Before our tasting menu at Elaia (1634 Tower Grove Avenue; 314-932-1088) officially begins, before the first of twelve courses (or was it fourteen? my post-meal notes, chicken-scratch under ideal circumstances, suggest that at some point I entered a state of delirium, or left the space-time continuum altogether, and lost count) arrives at our table, our server presents a wooden slab with thinly sliced ham in two artfully disheveled piles. In one pile is the famed jamón ibérico of Spain. In the other is culatello from Salume Beddu, the acclaimed south-city salumeria in which Elaia owner and chef Ben Poremba is a partner. My friend and I look from the jamón to the culatello and then back again. Is Poremba really putting his salume up against maybe the most revered cured meat in the world?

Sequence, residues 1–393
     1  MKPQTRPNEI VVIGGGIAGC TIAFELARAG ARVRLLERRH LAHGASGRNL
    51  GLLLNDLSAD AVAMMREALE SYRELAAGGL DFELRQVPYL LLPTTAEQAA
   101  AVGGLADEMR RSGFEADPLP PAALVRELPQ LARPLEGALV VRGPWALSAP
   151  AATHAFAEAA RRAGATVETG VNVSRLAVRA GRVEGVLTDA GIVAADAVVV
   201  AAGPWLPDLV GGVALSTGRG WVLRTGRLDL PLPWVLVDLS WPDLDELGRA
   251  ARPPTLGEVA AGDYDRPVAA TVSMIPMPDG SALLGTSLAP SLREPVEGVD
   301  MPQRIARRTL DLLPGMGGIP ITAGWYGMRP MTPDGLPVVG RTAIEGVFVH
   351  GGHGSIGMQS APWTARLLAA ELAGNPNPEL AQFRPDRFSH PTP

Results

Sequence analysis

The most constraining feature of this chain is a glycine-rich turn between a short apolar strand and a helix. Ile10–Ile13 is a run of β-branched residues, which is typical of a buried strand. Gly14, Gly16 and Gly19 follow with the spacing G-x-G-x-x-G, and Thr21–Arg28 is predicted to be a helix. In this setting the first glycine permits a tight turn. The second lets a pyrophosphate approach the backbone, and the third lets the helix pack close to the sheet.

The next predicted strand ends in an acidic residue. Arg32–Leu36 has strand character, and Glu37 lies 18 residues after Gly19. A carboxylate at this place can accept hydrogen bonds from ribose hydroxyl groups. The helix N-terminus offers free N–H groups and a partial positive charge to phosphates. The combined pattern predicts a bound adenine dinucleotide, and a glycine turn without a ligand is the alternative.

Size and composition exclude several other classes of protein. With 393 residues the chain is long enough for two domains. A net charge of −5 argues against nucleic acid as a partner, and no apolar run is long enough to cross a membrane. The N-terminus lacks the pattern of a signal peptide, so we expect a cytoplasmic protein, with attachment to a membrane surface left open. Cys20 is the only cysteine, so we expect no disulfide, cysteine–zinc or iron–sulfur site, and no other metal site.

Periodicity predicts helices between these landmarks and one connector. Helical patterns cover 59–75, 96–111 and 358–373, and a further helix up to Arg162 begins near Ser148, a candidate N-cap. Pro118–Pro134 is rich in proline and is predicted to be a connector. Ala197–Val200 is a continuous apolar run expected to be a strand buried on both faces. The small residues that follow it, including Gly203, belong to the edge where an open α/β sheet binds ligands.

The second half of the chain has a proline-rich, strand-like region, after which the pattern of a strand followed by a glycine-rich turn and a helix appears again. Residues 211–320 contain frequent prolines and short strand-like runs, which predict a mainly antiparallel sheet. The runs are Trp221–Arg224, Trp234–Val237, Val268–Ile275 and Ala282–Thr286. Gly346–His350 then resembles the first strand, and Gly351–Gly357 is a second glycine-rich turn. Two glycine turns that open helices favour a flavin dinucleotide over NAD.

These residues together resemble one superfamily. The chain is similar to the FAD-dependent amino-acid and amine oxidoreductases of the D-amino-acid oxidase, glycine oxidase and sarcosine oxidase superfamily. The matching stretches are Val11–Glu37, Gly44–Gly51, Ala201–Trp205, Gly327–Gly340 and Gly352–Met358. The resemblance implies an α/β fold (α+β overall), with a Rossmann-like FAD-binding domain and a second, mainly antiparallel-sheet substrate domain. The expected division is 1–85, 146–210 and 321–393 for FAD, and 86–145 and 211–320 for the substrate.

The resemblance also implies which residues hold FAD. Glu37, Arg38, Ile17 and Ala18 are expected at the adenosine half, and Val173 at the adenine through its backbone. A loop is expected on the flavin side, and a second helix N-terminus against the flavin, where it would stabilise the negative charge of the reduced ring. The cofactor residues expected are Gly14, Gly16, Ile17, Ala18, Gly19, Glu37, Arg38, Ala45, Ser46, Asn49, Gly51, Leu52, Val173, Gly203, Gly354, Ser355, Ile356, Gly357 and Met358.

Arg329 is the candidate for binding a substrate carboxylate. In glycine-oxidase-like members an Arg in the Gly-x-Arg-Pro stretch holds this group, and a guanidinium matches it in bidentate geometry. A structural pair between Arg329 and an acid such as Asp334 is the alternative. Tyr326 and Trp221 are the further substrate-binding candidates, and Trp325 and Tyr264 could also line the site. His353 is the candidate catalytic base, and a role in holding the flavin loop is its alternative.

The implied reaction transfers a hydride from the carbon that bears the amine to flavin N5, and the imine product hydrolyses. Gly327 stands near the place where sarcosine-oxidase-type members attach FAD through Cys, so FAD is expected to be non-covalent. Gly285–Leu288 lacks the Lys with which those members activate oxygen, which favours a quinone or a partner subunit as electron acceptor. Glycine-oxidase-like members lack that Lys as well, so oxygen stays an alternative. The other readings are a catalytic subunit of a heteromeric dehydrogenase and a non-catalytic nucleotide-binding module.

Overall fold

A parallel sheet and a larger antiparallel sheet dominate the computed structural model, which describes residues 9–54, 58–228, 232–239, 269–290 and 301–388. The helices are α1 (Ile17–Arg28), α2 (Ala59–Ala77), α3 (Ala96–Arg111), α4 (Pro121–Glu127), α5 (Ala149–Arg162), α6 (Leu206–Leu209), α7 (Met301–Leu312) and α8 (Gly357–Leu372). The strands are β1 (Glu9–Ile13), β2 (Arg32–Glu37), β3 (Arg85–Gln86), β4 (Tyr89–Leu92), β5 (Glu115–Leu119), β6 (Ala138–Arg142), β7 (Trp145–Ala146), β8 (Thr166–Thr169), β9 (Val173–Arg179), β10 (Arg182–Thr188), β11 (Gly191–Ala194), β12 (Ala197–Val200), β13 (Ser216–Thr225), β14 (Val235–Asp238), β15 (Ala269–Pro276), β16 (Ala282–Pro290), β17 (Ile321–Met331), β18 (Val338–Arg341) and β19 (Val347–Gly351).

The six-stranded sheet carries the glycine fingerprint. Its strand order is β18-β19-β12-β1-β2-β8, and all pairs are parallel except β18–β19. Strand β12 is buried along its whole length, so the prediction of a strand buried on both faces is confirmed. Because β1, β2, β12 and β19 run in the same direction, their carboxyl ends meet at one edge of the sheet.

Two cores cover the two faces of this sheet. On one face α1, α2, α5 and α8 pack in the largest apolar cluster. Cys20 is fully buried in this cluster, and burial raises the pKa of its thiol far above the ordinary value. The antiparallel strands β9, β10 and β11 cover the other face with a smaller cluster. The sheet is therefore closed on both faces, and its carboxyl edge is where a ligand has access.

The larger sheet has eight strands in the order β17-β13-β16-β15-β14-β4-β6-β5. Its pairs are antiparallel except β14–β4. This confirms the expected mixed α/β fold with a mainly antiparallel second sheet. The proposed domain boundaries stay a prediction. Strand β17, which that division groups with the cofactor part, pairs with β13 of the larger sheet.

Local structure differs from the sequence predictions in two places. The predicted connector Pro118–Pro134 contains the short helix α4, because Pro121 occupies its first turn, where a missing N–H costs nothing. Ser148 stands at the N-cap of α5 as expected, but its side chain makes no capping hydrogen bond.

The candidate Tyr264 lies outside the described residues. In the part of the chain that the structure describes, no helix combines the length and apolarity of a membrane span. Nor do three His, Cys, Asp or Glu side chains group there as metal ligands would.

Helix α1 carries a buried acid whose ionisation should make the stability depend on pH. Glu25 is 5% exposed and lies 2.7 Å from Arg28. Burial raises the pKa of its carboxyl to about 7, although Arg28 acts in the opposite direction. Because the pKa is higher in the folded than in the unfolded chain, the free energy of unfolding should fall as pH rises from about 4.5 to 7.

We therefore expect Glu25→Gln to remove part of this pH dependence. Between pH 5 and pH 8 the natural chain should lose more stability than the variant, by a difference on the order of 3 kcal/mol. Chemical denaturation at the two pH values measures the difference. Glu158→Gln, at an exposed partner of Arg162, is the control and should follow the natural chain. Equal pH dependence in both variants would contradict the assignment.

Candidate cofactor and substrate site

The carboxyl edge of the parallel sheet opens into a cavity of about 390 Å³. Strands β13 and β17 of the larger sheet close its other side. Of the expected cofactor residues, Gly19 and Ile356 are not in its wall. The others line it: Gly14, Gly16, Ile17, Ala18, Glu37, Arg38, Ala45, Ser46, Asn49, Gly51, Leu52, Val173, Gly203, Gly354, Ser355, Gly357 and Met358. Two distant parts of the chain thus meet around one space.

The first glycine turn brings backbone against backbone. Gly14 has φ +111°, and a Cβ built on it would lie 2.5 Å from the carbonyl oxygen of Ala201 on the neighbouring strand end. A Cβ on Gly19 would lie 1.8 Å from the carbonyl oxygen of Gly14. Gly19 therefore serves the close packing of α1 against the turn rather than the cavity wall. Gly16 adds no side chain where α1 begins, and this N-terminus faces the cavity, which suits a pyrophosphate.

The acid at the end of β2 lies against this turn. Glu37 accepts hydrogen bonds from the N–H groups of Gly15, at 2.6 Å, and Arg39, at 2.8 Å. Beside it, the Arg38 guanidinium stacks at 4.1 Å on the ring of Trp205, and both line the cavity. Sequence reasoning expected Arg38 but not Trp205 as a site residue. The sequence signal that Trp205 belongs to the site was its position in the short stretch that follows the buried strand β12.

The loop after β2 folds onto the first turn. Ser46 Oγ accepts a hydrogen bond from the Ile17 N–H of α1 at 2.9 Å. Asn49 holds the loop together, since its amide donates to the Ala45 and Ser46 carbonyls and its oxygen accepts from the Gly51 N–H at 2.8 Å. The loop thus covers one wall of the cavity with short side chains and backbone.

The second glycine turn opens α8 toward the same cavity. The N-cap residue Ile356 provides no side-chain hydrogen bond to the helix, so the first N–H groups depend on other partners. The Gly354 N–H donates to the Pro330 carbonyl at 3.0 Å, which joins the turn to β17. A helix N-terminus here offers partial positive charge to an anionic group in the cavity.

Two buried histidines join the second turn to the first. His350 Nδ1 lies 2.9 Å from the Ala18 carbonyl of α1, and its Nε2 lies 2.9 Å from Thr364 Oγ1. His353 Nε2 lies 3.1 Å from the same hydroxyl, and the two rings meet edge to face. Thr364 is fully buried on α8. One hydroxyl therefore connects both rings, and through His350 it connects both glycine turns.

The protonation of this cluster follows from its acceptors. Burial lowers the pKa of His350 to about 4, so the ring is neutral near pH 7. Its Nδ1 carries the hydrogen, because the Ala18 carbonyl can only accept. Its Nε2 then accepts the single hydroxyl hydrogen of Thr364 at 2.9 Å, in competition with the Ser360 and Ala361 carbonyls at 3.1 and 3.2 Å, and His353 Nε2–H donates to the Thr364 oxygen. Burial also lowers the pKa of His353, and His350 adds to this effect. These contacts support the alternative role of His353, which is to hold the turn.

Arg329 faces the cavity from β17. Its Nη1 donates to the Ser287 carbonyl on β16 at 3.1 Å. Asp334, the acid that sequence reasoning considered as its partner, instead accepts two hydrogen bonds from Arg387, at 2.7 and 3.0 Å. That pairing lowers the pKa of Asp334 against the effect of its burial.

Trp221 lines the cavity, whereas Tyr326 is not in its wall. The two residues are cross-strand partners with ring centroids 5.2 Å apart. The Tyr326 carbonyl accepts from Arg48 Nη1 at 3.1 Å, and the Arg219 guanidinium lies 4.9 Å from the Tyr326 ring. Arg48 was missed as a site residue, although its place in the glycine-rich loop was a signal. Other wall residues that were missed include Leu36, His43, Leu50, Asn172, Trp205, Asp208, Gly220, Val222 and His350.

"That," says my friend, "is a ballsy move."
The culatello (a cut from the upper rear of the pig's hind leg -- think of it as an especially refined prosciutto) more than holds its own against the celebrated jamón. Aged for two years, it has a remarkable depth of flavor -- to pork what bourbon is to corn, rich and sweet, with hints of fruit and spice and earth. The pairing was the exclamation point on what the length of the tasting menu, the quality of our stemware, even the aesthetic appeal of the chair in which I was sitting (it is a beautiful chair) had made clear: Elaia and its adjoining wine bar, Olio, are nothing if not bold.
Read my review of Elaia and Olio and view Jennifer Silverberg's slideshow of the twinned restaurants tomorrow on Gut Check.